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Ann Rheum Dis 64:1195-1198 doi:10.1136/ard.2004.032243
  • Extended report

Markers of inflammation are negatively correlated with serum leptin in rheumatoid arthritis

  1. C Popa1,2,
  2. M G Netea1,
  3. T R D S Radstake2,
  4. P L van Riel2,
  5. P Barrera2,
  6. J W M van der Meer1
  1. 1Department of Internal Medicine University Medical Centre St Radboud, Nijmegen, The Netherlands
  2. 2Department of Rheumatology, University Medical Centre St Radboud, Nijmegen, The Netherlands
  1. Correspondence to:
    Professor J W M van der Meer
    Department of Internal Medicine (541), UMC St Radboud, PO Box 9101, 6500HB Nijmegen, The Netherlands; j.vandermeeraig.umcn.nl
  • Accepted 17 February 2005
  • Published Online First 24 February 2005

Abstract

Background: Leptin regulates food intake and modulates immunity and inflammation. A positive feedback mechanism has been described between tumour necrosis factor (TNF) and leptin, and it has been suggested that leptin potentiates inflammation in patients with rheumatoid arthritis (RA).

Objective: To assess whether inflammation correlates with leptin concentrations in patients with RA, and whether anti-TNF treatment modulates leptin concentrations in these patients.

Methods: Leptin, IL6 and CRP were measured (at baseline and after 2 weeks of treatment) in the blood of 31 patients with RA starting either anti-TNF treatment or placebo, and in 18 healthy controls.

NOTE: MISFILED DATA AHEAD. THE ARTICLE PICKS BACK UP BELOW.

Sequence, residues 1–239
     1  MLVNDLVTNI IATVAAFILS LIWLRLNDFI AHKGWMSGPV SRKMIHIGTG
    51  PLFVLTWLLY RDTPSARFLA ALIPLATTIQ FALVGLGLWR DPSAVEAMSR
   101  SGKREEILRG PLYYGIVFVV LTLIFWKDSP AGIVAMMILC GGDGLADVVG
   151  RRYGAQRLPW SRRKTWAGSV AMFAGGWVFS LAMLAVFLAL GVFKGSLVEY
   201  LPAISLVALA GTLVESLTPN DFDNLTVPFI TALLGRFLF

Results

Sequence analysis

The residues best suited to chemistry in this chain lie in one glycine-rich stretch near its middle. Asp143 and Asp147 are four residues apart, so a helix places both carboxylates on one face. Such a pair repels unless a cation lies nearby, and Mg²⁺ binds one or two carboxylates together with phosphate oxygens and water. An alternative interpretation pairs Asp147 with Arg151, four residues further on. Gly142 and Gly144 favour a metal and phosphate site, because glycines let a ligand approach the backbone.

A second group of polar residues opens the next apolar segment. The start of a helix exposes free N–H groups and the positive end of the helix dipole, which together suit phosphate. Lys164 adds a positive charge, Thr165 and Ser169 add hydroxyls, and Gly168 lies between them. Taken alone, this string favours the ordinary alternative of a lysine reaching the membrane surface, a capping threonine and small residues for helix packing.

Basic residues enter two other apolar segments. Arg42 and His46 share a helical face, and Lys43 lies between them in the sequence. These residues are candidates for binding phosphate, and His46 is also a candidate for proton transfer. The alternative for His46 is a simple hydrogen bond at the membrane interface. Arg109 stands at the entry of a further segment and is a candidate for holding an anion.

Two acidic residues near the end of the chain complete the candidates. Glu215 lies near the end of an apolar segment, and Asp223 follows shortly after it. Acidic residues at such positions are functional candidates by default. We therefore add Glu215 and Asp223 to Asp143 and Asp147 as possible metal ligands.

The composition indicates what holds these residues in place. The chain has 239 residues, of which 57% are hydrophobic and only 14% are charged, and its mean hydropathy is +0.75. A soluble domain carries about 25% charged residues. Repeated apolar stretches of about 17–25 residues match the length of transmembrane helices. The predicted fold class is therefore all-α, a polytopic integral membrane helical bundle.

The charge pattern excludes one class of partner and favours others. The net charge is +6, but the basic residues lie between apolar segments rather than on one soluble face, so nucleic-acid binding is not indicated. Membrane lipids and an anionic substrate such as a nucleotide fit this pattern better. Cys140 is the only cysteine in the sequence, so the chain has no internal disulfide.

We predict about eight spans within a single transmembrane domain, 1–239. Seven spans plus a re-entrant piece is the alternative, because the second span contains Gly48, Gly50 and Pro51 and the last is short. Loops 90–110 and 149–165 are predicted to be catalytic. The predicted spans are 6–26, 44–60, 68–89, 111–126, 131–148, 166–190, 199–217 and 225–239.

Results: In patients with RA, plasma leptin concentrations at baseline correlated inversely with the degree of inflammation as assessed by C reactive protein (CRP; rs2 = 0.21, p<0.01) or interleukin (IL) 6 concentrations (rs2 = 0.22, p<0.008). Mean (SD) leptin concentrations did not differ between patients with RA and controls (6.0 (4.6) v 4.2 (2.8) ng/ml in men; 15.1 (7.9) v 13.4 (5.2) ng/ml in women). Short course anti-TNF treatment for 2 weeks did not modify leptin concentrations, despite significant reduction of CRP and IL6.

Conclusion: A significant inverse correlation between inflammation and leptin concentrations was found in patients with active RA, although plasma leptin concentrations did not significantly differ from those in healthy controls. This suggests that active chronic inflammation may lower plasma leptin concentrations. Two weeks’ treatment with anti-TNF did not change plasma leptin concentrations and longer treatment may be needed to see an effect on leptin.

Footnotes

  • Published Online First 24 February 2005